Alabama’s Medical Cannabis Dilemma SB276’s Critics Warn of ‘Wild West’ Market

Alabama’s Medical Cannabis Dilemma: SB276’s Critics Warn of ‘Wild West’ Market

A medicinal cannabis reform measure proposed yesterday by two State Senators was received with criticism and dissatisfaction during a Senate Agriculture Committee meeting on Wednesday.

The committee had a public hearing and adjourned without voting on the bill. The meeting gathered enough attention to fill the committee room and an overflow room, but it was not broadcast on the Alabama Legislature’s website for reasons that are still unknown.

SB276, introduced by State Sens. David Sessions (R-Grand Bay) and Tim Melson (R-Florence), would restructure Alabama’s medical cannabis market, which has yet to take off owing to a Montgomery Circuit Court injunction. The bill’s proponents and supporters hope it will break the lawsuit logjam, but detractors at the committee meeting said that the proposed remedy is worse than the problem due to the huge rise in the number of eligible business licenses.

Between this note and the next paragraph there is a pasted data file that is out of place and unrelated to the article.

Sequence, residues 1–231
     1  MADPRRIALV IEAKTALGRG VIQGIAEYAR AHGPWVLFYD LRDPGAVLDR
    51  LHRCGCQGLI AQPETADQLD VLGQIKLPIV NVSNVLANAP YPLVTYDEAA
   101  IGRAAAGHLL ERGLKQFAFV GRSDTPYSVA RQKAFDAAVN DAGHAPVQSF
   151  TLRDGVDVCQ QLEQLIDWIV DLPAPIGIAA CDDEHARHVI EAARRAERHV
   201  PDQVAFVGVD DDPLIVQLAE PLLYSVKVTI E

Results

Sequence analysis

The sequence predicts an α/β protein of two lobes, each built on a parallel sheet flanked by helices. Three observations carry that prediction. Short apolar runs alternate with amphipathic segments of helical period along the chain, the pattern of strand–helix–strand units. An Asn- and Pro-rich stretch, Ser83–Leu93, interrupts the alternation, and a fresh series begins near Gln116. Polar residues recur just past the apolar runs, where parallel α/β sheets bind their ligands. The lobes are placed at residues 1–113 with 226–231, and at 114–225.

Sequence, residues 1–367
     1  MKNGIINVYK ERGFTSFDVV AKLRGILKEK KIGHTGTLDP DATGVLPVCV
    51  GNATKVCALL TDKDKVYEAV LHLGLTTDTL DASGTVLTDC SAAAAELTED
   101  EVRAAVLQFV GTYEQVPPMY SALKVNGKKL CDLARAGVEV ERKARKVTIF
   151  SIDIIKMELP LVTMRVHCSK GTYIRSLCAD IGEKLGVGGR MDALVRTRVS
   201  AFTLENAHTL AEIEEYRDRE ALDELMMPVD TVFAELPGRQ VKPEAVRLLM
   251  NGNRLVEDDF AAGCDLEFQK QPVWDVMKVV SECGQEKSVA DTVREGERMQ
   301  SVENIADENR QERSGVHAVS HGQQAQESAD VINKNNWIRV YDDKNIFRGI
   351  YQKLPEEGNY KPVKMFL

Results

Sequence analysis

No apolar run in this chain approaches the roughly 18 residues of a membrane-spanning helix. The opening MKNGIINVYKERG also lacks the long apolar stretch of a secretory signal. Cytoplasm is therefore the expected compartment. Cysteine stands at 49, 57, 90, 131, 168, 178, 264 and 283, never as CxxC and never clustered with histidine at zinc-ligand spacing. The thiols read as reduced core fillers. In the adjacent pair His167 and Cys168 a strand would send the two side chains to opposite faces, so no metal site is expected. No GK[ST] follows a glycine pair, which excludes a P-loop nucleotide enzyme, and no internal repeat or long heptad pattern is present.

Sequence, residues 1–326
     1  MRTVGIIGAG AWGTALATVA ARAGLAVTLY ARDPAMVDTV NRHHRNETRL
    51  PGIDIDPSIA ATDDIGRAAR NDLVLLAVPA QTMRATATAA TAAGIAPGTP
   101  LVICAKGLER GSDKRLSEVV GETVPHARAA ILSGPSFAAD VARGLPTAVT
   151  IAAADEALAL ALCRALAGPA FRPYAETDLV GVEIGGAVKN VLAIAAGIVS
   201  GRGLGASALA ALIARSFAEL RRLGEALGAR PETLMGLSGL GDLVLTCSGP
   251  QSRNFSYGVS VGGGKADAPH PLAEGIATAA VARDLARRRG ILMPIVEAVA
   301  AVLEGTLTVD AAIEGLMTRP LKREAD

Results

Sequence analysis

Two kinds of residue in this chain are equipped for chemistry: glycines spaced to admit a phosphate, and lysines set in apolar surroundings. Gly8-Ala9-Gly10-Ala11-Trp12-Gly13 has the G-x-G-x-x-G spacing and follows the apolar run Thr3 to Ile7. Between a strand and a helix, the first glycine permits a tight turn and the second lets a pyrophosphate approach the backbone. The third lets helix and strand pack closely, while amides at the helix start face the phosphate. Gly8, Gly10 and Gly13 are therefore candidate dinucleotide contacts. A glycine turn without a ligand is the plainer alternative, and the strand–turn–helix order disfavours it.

The plan would quadruple the amount of Integrated Facility licenses available under state law, from five to fifteen.

Speakers cautioned that the projected expansion of an intrastate market will turn into the “wild west” and place Alabama in the same category as states with failed markets.

The lone proponent of the notion during the meeting was Southeast Cannabis Company, a failed applicant. According to Patrick Dungan, a lawyer for the corporation, “Absent a legislative solution like [SB276], it could take years to unravel these problems.”

The Medical Cannabis Commission has been embroiled in lawsuits filed by rejected license applicants since June 2023, when the Commission first sought to award licenses in all categories. Except for Tennessee, all of Alabama’s surrounding states have active medicinal cannabis programs.

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